Telling someone that you are sorry — and actually meaning it — can be one of the most difficult parts of a relationship. It is also one of the most critical parts. If, for example, you have a boyfriend you’d like to keep for a while, you will at some point need to make a sincere, specific, unqualified, ego-free apology. And if you don’t have a boyfriend, the techniques discussed here will work for just about anyone.
Admit to yourself that you were wrong.
An insincere apology is usually more trouble than no apology at all. If you can’t convince yourself that you are sorry, you probably won’t convince him.
Think about when you were a child. Whenever you were forced to make a half-hearted apology to your brother for some minor offense, did it really make either of you feel better?
If you can’t bring yourself to see (and say) that you did anything wrong, then you may need to be willing to lose the relationship. That may be the right choice, but be clear on the possible consequences as you decide whether you can and will apologize.
Consider the impact of your offense.
The time-worn notion of putting yourself in another’s shoes is appropriate here. Think closely about how your actions have impacted your boyfriend and why an apology is warranted. This will help you craft a sincere and effective “I’m sorry.”
For example, a seemingly innocuous offhand comment on your part about how lousy your school’s basketball team is this year may seem like a bigger deal when you consider that your boyfriend tried out for the team and didn’t make it.
While you usually hear people say “don’t make a mountain out of a molehill,” this is a situation where you may want to do exactly that. Don’t succumb to our natural inclination to downplay the severity of our own actions; focus instead on the genuine hurt you have caused.
If you’ve done something wrong and you know it, your guilt can get in the way of making a sincere apology that focuses on the aggrieved party (your boyfriend, for instance). Accepting and moving past your errors will enable you to direct your energies toward your partner’s needs.
You may find that doing some self-affirmation exercises (repeating a mantra, doing yoga, writing down your thoughts) before apologizing helps relieve some of the guilt than can make you act defensively as you try to apologize.
If you can’t let go, accept your faults, and move forward, odds are your boyfriend won’t be able to either.
Plan your apology.
While an off-the-cuff “Sorry!” is appropriate when you accidentally step on your boyfriend’s toe or spill your drink on him, more serious apologies are best made with preparation and even practice.
In order to ensure that you cover the “three R’s” — regret, responsibility, and remedy — that most good apologies include, it is best to think about exactly what you want to say. Practicing in front of a mirror or a friend may even help.
Face-to-face apologies are usually best, but written ones can be an option if your boyfriend refuses to see you (because you forgot to pick him up at the airport, for instance), or if you know your apology will come out much better that way.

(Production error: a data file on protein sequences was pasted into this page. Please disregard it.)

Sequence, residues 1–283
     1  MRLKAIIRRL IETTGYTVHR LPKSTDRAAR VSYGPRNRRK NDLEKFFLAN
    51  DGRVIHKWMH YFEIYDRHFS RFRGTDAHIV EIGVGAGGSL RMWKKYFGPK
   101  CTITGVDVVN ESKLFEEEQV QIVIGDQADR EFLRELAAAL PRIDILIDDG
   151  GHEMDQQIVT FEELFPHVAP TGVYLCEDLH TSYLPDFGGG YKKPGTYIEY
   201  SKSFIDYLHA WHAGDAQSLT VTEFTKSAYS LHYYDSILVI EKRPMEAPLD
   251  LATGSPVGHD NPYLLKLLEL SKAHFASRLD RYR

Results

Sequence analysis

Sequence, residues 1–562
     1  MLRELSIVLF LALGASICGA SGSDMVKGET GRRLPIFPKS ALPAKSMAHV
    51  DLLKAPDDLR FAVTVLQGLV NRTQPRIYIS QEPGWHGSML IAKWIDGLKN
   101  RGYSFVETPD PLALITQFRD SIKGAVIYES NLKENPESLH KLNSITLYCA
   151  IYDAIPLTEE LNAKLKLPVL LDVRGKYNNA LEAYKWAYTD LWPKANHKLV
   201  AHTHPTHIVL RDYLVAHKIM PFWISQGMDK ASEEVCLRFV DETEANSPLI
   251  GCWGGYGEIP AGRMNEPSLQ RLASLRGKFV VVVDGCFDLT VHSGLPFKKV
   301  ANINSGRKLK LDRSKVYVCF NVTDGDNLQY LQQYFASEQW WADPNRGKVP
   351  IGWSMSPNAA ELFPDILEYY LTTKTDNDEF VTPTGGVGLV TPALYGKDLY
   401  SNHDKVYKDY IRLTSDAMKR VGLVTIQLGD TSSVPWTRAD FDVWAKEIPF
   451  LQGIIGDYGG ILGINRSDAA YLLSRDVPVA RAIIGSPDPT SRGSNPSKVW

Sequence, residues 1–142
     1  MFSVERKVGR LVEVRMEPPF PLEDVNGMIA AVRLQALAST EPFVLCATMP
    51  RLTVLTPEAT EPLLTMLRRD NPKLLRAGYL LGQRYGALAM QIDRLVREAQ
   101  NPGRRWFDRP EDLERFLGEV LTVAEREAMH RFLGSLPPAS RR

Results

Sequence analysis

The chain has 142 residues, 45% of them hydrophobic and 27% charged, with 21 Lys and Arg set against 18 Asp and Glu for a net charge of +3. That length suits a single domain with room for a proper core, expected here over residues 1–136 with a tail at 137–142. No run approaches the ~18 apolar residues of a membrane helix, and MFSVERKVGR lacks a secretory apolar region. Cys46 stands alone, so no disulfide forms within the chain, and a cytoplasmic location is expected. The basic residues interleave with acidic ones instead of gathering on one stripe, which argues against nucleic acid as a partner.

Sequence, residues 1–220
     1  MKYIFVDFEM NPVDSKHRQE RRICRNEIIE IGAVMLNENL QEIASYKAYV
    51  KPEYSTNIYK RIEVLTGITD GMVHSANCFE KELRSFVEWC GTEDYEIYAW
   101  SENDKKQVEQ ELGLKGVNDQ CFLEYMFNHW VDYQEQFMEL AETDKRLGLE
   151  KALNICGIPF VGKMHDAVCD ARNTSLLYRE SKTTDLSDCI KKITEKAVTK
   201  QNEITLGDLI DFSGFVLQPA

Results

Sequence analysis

While waiting until you can get your apology just right is normally preferable, it may sometimes be best to preemptively apologize before he expresses his hurt feelings. For example, if you know he’ll be mad you forgot his birthday, you may want to be ready with a good “I’m sorry” before he has a chance to express his disappointment.
Whatever form your apology takes, make it crystal clear that you are the responsible party and he is the one who has been wronged. Don’t try to minimize, justify, or share blame.
Even if there is blame to share, this is your apology, so you should focus on what you did wrong. Don’t focus on the apology you think you deserve (right now, anyway), but on the one you deserve to give.
Think about using sentences that follow the form “I … you,” where you fill in the specifics of what you did to hurt him, and what you will do to either fix the damage of prevent a repeat.
Say the words he needs to hear.
If you’ve ever been disappointed by the non-apology “apologies” that many politicians and celebrities seem to excel at giving, it may be the lack of specific admissions of guilt and remorse that bother you.
More often than not, it is best to specifically say “I’m sorry” and “I was wrong.” Such simple phrases can be incredibly difficult to say, but they are the foundation of a good apology.
Throwing in a “because” as well — where you clearly express why you are at fault — is also a good idea.
Compare, for instance “My bad. My friends and I were having so much fun that I totally lost track of time and forgot about your show” with “I am sorry that I missed your band’s show. I was wrong to not make it my first priority for tonight, because I know it was important for me to be there to support you.”